Testing the performance of beta diversity measures based on incidence data: the robustness to undersampling

Authors

  • Pedro Cardoso,

    Corresponding author
    1. CITA-A (Azorean Biodiversity Group), Dep. Ciências Agrárias, Universidade dos Açores, Angra do Heroísmo, Portugal
    2. Natural History Museum of Denmark, Zoological Museum and Centre for Macroecology, University of Copenhagen, Copenhagen, Denmark
    3. Smithsonian Institution, National Museum of Natural History, Washington, DC, USA
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  • Paulo A. V. Borges,

    1. CITA-A (Azorean Biodiversity Group), Dep. Ciências Agrárias, Universidade dos Açores, Angra do Heroísmo, Portugal
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  • Joseph A. Veech

    1. Department of Biology, Texas State University, San Marcos, TX, USA
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*Pedro Cardoso, Smithsonian Institution, National Museum of Natural History, PO Box 37012, MRC 105, Room E-509, Washington, DC 20013-7012, USA.
E-mail: pcardoso@ennor.org

Abstract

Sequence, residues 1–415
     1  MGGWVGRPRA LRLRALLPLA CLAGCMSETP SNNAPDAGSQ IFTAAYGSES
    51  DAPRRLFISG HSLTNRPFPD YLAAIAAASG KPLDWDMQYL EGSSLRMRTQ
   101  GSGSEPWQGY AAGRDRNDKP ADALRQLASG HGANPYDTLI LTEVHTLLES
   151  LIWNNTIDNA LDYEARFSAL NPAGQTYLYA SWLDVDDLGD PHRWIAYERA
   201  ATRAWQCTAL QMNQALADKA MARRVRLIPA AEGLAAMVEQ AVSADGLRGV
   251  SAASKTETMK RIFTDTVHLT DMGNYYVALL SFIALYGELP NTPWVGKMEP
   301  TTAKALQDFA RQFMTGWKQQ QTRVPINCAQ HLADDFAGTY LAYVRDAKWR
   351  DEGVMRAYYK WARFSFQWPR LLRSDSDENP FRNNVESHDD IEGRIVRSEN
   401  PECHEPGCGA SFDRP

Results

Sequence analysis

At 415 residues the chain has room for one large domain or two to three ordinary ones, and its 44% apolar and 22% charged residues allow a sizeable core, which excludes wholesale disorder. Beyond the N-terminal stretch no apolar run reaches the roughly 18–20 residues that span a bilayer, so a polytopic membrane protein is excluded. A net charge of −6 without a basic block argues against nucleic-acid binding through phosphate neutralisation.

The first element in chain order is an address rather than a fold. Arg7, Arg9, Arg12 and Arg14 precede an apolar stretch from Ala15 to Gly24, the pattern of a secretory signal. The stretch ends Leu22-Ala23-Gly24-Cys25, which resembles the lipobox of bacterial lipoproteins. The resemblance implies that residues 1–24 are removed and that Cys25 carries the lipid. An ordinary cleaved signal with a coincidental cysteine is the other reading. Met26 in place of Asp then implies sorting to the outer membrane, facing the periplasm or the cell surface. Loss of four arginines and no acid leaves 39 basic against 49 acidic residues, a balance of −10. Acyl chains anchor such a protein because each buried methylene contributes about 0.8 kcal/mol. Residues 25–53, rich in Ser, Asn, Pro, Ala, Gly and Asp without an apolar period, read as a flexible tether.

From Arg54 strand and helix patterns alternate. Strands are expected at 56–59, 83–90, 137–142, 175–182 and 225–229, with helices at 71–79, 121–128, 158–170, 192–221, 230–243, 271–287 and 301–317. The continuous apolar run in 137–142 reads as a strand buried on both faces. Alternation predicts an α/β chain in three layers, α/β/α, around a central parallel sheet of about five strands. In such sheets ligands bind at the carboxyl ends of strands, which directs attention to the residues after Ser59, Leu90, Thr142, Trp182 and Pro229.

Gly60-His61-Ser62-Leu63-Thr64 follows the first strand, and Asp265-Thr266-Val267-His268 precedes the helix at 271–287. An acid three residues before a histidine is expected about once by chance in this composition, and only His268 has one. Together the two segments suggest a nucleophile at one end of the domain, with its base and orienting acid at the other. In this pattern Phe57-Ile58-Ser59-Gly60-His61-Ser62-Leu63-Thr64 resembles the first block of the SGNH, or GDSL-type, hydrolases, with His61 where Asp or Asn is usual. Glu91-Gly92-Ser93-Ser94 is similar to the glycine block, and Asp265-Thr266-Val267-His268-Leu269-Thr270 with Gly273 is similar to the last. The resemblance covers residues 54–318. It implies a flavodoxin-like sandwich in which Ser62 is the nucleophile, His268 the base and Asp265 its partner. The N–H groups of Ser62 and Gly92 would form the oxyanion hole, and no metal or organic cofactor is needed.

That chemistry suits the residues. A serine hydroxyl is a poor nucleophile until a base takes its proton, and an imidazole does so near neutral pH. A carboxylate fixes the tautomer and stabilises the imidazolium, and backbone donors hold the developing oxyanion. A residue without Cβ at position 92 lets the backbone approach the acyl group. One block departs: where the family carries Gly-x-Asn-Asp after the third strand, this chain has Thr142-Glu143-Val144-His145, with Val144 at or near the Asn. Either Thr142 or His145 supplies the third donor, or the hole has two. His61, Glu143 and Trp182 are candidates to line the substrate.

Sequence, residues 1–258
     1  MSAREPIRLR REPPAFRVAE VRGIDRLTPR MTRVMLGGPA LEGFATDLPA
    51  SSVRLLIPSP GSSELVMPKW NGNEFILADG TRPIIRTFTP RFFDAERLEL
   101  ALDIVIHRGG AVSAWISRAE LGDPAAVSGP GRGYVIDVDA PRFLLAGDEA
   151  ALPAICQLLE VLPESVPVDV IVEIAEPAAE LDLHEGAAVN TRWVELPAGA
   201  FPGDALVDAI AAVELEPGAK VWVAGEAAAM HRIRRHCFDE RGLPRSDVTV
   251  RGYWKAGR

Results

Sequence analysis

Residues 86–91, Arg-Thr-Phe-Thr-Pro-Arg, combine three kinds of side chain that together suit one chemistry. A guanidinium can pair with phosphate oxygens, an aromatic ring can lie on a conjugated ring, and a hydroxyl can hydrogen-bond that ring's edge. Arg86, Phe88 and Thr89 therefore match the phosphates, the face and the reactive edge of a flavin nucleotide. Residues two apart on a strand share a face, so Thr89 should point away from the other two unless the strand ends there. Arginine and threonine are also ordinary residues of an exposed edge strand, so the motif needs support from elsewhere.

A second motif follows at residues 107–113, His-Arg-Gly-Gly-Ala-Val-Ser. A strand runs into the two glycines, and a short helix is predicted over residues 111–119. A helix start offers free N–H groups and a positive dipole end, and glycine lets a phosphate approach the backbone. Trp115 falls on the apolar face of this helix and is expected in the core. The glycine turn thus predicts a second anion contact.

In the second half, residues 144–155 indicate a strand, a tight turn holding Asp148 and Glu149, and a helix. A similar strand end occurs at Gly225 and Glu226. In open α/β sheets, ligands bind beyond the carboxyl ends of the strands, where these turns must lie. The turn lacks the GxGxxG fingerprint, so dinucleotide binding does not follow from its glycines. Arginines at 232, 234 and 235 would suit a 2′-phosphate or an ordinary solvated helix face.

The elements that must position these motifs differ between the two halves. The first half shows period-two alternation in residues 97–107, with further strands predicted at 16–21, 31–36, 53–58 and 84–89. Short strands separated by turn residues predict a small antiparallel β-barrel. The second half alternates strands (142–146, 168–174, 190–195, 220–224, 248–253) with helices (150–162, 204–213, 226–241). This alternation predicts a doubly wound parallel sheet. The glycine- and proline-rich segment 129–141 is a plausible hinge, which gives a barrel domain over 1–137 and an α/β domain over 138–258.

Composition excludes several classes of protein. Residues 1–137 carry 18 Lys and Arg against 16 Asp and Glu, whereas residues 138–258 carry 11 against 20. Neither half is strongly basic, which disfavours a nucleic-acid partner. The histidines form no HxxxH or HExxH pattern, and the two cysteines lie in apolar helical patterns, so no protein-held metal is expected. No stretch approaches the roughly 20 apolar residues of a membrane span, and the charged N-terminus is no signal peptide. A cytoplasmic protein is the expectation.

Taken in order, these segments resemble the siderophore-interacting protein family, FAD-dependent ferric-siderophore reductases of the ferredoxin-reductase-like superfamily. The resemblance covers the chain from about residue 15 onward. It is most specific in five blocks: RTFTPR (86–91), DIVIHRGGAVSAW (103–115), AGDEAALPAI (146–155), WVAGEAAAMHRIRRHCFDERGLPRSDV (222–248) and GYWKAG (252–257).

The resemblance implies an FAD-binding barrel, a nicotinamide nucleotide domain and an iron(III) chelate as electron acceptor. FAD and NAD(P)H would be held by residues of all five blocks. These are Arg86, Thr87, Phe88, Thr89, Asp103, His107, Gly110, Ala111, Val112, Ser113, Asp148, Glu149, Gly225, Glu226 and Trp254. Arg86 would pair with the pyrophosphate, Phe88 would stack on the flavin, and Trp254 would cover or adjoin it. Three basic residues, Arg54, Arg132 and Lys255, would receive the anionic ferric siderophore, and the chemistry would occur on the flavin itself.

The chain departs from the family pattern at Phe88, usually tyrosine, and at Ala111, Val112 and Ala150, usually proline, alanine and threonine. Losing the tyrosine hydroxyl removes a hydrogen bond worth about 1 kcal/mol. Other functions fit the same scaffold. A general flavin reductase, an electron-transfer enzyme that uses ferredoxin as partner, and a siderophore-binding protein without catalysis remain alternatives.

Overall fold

Aim  Researchers measuring beta diversity have rarely concerned themselves with the problems of how complete the species lists of studied communities are, and of how the varying degrees of completeness can actually change estimates of beta diversity. No comprehensive assessment has been made regarding the behaviour of most beta diversity indices when applied to incomplete samples, a situation which is more common than usually recognized. Our objective was to assess the behaviour and robustness of a number of beta diversity measures for incidence data from undersampled communities.

Location  Mainland Portugal and the Azorean archipelago (North Atlantic).

Methods  Data from intensive sampling of spiders in mainland Portugal and arthropods in Azores were collected. We examined the properties of 15 beta diversity measures developed for incidence data. We simulated varying degrees of completeness, whereas computing beta diversity for selected pairs of samples. The robustness of these beta diversity accumulation curves was assessed for the purpose of finding the best measures for undersampled communities.

Results  The Harrison et al.β-2 and the Williams β-3 are particularly robust to undersampling. These measures are also insensitive to differences of alpha diversity (species richness) between communities, and therefore to nestedness. Colwell & Coddington βcc and the related Jaccard βj and Gaston et al.βg performed best of the measures sensitive to alpha diversity. They performed poorly, however, when compared communities exhibited very low values of beta diversity. In such cases, the Routledge βr performed the best.

Main conclusions  No index was found to perform without bias in all circumstances. Overall, β-2, β-3 and βcc (or related measures βj and βg) are recommended as they seem to be the most robust to undersampling.

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